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Court: Bouzov castle remains state property

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Olomouc, North Moravia, Aug 24 (CTK) – Bouzov Castle in the Olomouc Region will remain the property of the Czech state, the district court ruled on Wednesday, rejected a lawsuit filed by the Teutonic Order that claimed the castle’s return within the church restitution.

The Teutonic Order filed a legal complaint against the National Heritage Institute (NPU), claiming the castle, including its furniture. The NPU refused to return it in May 2014, saying the order had no legal right to the property restitution in the Czech Republic.

The Olomouc district court rejected the complaint as unsubstantiated, judge Vit Jasek said on Wednesday.

“It has been proved during the court proceedings that the order was cancelled in 1939 and the decision has not been annulled as yet,” Jasek said.

The complainant has to cover the costs of the adverse party, the NPU, amounting to over 120,000 crowns.

“We will naturally appeal the verdict… We believe in justice,” said Mikkolas Cerny, the order’s media representative.

The Czech province of the Order of Brothers of the German House of Saint Mary in Jerusalem or Teutonic Order has been striving for Bouzov Castle in court since June. It says the property was confiscate unlawfully during the Nazi occupation.

The NPU questions the property claims pointing out that the order was abolished by the Imperial commissioner’s decree in 1939 and that it did not exist on the Czech territory after WWII, while the restitution law applies to the property confiscated by the communist regime after 1948.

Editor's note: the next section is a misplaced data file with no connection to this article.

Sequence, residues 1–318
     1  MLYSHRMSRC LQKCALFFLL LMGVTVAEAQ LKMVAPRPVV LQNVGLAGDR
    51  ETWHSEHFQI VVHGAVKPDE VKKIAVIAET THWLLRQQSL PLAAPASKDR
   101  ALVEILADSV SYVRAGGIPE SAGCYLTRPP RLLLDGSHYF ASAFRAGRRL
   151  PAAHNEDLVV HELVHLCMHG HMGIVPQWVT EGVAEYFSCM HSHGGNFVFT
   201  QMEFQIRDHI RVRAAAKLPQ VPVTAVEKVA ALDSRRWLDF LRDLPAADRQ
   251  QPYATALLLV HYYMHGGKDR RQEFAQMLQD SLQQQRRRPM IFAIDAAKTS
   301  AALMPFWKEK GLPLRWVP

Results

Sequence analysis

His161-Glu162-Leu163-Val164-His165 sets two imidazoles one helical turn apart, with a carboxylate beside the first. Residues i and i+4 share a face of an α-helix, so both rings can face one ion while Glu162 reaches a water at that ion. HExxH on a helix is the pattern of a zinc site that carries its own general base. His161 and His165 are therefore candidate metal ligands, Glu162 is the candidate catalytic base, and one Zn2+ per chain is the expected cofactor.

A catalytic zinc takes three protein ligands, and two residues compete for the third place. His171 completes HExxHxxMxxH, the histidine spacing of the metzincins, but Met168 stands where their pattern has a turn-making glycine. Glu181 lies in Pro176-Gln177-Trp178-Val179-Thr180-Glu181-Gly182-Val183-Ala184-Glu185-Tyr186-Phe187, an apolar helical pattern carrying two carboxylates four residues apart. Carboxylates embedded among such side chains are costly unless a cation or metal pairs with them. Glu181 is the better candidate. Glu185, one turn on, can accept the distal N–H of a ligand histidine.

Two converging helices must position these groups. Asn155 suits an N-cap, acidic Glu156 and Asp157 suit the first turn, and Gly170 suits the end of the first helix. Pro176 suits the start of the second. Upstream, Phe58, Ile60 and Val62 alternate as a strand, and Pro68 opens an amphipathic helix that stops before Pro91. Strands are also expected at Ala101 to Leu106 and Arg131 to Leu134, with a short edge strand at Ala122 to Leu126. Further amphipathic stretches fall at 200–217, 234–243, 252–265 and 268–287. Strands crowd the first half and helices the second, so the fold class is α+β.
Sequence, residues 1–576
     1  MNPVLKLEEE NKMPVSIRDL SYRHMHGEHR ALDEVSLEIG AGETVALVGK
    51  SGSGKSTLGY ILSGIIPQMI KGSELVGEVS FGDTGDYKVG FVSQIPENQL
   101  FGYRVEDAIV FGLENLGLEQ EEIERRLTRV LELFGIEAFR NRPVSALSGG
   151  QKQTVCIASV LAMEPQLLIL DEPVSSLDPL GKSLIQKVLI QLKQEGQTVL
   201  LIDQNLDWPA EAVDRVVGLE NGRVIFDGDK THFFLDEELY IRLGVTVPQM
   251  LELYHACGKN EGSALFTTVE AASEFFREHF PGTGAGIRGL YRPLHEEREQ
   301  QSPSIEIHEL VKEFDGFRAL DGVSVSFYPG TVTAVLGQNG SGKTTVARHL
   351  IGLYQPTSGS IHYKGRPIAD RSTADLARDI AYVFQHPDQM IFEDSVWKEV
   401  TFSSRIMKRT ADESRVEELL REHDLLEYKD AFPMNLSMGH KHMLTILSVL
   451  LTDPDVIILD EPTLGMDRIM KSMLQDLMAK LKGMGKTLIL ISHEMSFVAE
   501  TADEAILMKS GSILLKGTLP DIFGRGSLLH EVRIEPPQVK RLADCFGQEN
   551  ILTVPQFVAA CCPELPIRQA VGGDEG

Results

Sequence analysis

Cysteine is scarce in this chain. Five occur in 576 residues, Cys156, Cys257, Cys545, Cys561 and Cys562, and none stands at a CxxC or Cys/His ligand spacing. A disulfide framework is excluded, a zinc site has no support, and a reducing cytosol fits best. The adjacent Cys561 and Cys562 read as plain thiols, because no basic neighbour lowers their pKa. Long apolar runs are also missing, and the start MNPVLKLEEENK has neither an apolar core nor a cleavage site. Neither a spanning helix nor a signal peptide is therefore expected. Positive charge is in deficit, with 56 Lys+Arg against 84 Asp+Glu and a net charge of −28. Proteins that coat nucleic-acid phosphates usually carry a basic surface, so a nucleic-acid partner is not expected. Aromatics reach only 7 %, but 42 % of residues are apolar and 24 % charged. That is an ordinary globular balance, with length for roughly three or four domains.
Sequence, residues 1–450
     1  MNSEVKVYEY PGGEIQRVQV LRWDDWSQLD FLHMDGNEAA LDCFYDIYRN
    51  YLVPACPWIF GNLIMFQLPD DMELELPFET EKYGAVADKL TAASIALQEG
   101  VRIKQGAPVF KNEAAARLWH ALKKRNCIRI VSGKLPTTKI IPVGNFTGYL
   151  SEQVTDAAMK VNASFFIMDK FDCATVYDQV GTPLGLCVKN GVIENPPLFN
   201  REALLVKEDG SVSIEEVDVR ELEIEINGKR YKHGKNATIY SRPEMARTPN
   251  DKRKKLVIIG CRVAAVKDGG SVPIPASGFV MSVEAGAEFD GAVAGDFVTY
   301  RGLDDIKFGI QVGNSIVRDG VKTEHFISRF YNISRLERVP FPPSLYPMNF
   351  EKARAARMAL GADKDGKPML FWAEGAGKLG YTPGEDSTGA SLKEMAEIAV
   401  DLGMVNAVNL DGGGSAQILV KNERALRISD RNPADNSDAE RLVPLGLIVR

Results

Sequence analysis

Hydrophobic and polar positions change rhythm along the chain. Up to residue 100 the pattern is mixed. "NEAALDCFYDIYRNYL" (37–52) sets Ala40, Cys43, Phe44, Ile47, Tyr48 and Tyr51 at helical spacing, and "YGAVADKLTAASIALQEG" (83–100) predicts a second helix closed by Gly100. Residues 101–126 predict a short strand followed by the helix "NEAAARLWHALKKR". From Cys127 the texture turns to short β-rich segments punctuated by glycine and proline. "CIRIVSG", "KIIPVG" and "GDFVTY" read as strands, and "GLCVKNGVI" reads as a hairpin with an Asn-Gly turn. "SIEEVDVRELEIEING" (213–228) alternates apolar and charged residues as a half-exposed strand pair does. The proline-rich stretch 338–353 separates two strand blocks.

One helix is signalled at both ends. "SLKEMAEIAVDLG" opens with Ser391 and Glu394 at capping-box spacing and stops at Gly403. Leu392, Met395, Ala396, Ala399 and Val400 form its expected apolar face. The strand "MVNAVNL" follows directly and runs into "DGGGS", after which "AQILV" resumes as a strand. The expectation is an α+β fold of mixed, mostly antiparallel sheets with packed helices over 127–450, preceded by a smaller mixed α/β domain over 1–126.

The court accepted the NPU lawyers’ arguments saying the complainant did not present a single piece of evidence to prove that the abolition of the order was a political persecution by the Third Reich.

The Teutonic Order demands the return of its property by other lawsuits as well. However, in reaction to the Czech Bishops’ Conference’s (CBK) appeal it decided to reduce the number of its lawsuits filed against regions.

Apart from Bouzov, Czech courts are dealing with the order’s claim for a church in Karlova Studanka, north Moravia, the order’s vicar, Metodej Hofman, said.

Bouzov is one of the most popular heritage sight in central Moravia. Last year, it was visited by almost 100,000 people.

According to the restitution law from 2012, churches are to be returned land and real estate worth 75 billion, confiscated from them by the communist regime, and given 59 billion crowns plus inflation in financial compensation for unreturned property during the following 30 years. Simultaneously, the state will gradually cease financing churches.

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